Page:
Cookies without Consent
BGH decided on 28 May 2020 (re I ZR 7/16 - „Planet49“) on the question whether German law requires website operators to request permission from visitors for setting cookies (opt-in) or whether an approval may be assumed and the visitor may subsequently deny the cookie placing (opt-out).
Cookies in Conflict with TMG and ePrivacy Directive
The reason for the present legal dispute is the contradiction between the German Telemedia Act and the ePrivacy Directive. Directives are European legal acts that must be implemented into national law by the Member States. In contrast to the ePrivacy Directive, §12 I TMG, as the German implementation law, only covers personal data. In addition, §15 III TMG allows service providers to create user profiles when using pseudonyms for the purposes of advertising, market research or for the needs-tailored design of the service provided the user does not object to this. Such an “opt-out” mechanism is not in line with the ePrivacy Directive nor the GDPR, as it follows from the Directive that the user must expressly consent to cookie use (through an opt-in).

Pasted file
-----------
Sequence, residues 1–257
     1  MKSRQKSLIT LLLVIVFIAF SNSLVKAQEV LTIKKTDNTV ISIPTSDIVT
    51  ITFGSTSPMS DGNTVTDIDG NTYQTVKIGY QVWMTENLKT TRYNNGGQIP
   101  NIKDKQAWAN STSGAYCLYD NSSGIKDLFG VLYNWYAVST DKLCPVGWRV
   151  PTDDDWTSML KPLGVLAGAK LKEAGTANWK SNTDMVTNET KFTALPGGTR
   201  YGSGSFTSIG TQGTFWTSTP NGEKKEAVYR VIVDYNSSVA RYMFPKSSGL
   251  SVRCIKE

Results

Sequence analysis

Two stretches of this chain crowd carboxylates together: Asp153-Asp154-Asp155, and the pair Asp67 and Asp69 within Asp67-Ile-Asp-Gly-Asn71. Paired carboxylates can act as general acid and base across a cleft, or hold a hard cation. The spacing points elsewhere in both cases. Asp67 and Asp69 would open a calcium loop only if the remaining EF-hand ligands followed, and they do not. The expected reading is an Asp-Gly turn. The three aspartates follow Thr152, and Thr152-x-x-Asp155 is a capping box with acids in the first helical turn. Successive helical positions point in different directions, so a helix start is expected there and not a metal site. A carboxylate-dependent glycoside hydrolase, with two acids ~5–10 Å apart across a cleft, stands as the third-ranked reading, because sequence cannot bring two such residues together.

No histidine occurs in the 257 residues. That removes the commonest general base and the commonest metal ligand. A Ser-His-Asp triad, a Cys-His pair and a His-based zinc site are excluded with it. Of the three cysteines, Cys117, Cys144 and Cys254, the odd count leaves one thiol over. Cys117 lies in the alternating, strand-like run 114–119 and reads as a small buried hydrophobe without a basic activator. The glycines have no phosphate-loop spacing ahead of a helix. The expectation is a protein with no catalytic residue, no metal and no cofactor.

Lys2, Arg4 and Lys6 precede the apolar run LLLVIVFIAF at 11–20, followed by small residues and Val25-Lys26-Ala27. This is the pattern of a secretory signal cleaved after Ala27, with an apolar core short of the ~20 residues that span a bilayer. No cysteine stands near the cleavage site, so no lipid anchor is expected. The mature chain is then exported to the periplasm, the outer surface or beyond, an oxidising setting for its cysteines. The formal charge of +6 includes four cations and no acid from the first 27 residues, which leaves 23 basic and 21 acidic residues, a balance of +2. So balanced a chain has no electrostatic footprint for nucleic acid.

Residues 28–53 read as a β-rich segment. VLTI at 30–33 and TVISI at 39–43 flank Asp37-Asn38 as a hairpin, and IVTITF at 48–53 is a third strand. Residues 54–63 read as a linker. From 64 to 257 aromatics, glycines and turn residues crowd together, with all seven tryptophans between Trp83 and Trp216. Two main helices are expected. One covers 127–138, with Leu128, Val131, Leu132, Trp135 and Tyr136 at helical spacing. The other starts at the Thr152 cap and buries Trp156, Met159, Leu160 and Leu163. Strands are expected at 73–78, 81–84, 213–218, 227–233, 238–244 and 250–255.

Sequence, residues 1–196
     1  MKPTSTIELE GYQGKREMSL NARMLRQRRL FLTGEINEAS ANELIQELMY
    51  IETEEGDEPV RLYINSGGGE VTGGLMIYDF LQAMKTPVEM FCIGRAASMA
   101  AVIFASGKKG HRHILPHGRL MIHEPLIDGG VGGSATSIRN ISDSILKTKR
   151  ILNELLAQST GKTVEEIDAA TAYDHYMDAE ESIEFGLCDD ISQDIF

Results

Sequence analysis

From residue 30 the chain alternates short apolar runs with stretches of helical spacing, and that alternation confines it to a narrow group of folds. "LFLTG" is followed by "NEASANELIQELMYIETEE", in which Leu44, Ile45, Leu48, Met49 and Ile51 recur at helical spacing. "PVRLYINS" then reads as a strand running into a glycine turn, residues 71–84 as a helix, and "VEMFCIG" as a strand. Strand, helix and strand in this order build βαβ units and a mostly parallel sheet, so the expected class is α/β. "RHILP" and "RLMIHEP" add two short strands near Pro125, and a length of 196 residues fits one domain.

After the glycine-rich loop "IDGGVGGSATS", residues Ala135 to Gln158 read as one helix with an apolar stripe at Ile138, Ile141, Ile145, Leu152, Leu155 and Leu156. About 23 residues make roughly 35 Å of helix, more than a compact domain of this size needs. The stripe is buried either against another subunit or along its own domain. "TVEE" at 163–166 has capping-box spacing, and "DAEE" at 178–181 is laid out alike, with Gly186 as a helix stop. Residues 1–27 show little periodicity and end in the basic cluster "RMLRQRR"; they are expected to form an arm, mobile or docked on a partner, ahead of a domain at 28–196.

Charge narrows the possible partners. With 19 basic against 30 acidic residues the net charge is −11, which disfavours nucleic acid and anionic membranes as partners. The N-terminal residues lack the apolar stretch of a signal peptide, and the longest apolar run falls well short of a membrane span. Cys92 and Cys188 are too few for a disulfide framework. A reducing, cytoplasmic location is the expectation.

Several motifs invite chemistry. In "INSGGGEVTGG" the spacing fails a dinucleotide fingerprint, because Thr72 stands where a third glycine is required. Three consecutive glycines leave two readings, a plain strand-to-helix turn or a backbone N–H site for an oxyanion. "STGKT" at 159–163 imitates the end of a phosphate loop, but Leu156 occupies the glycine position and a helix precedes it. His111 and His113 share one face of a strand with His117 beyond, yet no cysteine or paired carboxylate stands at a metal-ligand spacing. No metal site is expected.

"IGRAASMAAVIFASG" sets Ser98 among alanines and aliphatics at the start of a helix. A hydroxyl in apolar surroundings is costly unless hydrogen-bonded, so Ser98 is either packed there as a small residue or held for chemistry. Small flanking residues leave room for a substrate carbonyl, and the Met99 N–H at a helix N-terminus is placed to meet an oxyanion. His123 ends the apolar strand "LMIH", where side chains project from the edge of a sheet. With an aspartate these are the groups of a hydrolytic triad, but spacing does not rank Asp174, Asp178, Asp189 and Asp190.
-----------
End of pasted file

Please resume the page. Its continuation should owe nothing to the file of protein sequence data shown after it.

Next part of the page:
With today's ruling, the German Federal Court of Justice has clarified that §15 III TMG, despite its contradictory wording, must be interpreted in conformity with the Directive, resulting that the user must expressly consent to the storage of non-functional cookies (opt-in).
Websites are to Allow to Opt-in for Cookies
As a result, website operators can no longer rely on the fact that it would be possible to set cookies in Germany solely based on their legitimate interests. It is now necessary to obtain the consent of the website user for the setting of non-functional cookies (opt-in). This was previously at least justifiable with reference to the earlier statements of the German supervisory authorities and the wording of the regulations in the Telemedia Act.
Failing to comply with these new requirements bears the risk that competitors or consumer associations may issue admonishments with fines to website operators if they continue to use the (latest really now) illegal opt-out procedure. Furthermore, the supervisory authorities are likely to take a closer look at some websites based on this ruling, whether unsolicited or following a complaint by a data subject. In ongoing proceedings, it must be carefully reviewed whether the reasoning vis-à-vis the supervisory authority may need to be adjusted.
As the implementation of these new requirements are easily visible (and technically identifiable) on the website, non-compliance bears a high risk of cease-and-desist and supervisory admonishments.
Based on the above ruling, it is now required that the "active" consent is obtained. Website operators should check whether they still set cookies relying on the opt-out procedure. If this is the case, operators should switch the setting of cookies to an opt-in procedure, i.e. obtain consent of the website user before setting a non-functional cookie. This consent must be explicit and cannot be given by pre-checking a box for “automatic” approval but requires the visitor to tick the box or press a slide switch – for example.